New Delhi, February 19
She draws big crowds with her eloquent speeches at Left-leaning meetings. And her politically-flavoured messages are shared by thousands on social media.
Meet ‘comrade’ Shehla Rashid Shora, a girl from downtown Srinagar, who has emerged as a prominent voice of the ongoing agitation demanding release of Kanhaiya Kumar, the JNU students’ union president facing sedition charges.
Twenty-seven-year old Shehla came under the spotlight for the first time on February 14 when a 14-minute video surfaced, showing her giving a speech to a gathering of protesting students. The fierce speech followed a protest march by over 3,000 people on JNU campus.
“They ask us what do you want azaadi from, what type of azaadi do you want? Today we will define this azaadi, this entire country wants azaadi from WTO (World Trade Organisation), from casteism, from discriminatory laws,” she said in the February 14 speech.
Shehla hails from Srinagar’s Habba Kadal locality, the hub of Kashmir’s political turmoil for more than two decades now. Her mother — a nurse in Srinagar’s SK Institute of Medical Sciences (SKIMS)– and elder sister live back home.
More than self, Shehla prefers to talk about the issue that has hogged national headlines. I do not want to tell anything about myself, she said.
In one Facebook post, she explains her agenda.
“Two years of activism in JNU and my political training has taught me to stand up for the most vulnerable, for the last man. It has taught me to address the inconvenient and controversial issues.”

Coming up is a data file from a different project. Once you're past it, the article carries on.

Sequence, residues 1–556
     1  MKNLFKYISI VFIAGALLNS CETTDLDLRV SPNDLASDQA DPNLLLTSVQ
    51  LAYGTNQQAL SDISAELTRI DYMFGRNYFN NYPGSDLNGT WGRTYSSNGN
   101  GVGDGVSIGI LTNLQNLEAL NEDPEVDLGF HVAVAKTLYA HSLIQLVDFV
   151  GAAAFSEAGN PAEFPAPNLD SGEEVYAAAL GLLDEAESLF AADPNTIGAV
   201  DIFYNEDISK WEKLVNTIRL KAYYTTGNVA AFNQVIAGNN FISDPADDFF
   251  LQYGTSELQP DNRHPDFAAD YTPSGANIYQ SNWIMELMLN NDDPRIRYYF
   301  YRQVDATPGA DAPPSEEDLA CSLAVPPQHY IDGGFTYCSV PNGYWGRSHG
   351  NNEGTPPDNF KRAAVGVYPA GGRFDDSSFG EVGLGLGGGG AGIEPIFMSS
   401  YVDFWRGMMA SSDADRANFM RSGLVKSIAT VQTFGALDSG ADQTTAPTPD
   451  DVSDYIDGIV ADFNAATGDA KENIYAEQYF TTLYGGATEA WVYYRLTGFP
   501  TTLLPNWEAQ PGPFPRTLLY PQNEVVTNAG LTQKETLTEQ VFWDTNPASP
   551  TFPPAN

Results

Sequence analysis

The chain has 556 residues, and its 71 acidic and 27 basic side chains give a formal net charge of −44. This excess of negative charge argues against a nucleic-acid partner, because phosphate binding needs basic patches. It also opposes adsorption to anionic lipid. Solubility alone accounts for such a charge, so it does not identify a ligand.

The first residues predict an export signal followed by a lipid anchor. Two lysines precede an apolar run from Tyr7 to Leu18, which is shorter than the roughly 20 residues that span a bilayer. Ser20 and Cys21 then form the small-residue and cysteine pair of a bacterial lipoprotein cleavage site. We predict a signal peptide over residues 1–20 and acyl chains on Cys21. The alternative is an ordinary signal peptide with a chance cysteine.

Shehla’s Left leanings are not too old. In one of her posts on her blog , in 2013, she wished Muslims on the birthday of Prophet Mohammad while explaining the “feminist aspect of the Prophet”.
After graduating in computer engineering from NIT, Srinagar, Shehla studied political leadership at IIM Bangalore. At JNU, she is pursuing MPhil in Law and Governance. Her friends said that JNU provided her a much-needed platform which created the activist in her.
She contested the election for Gender Sensitisation Committee Against Sexual Harassment (GSCASH) in JNU in 2015 which she lost. In September the same year, she won the election for vice-president’s post of JNUSU as a nominee of the Left-backed All-India Students’ Association (AISA) defeating Akhil Bharatiya Vidyarthi Parishad’s Valentina Brahma.
“She is different from other Kashmiris on campus in a sense that she comes across more as a nationalist than a secessionist,” said one of her close friends.
After the Delhi Police arrested Kanhaiya Kumar, Shehla, the vice-president, took charge of leading the protest.
“We stand with Kanhaiya, Rama, Ashutosh, Anant, Umar and Anirban. We are campaigning for the release of Kanhaiya so that we can together, fight against the sedition charges imposed on the other five people, so that we can together fight against the academic suspension of all the 8 students, so that we can lead this movement together,” reads one of her posts.
On Thursday, Shehla’s call for the JNU Solidarity March received overwhelming support on social networking sites. Her Facebook wall was filled with messages in support of the march, not just against Kanhaiya Kumar’s arrest but also against the state’s attitude towards students.
“15,000 people marched through the streets of Delhi today in defence of JNU. Arrest them all, they are all seditious. Media won’t report this,” she said. Police put the number at 5,000.
Prior to the JNU turmoil, Shehla worked on gender issues, human rights, juvenile justice and free speech. She was also a prominent face during the ‘Occupy-UGC’ protest in November last year.
“I condemn the relentless media trial of Umar Khalid and I would like to make it very clear that every student is equally innocent until proven guilty,” she said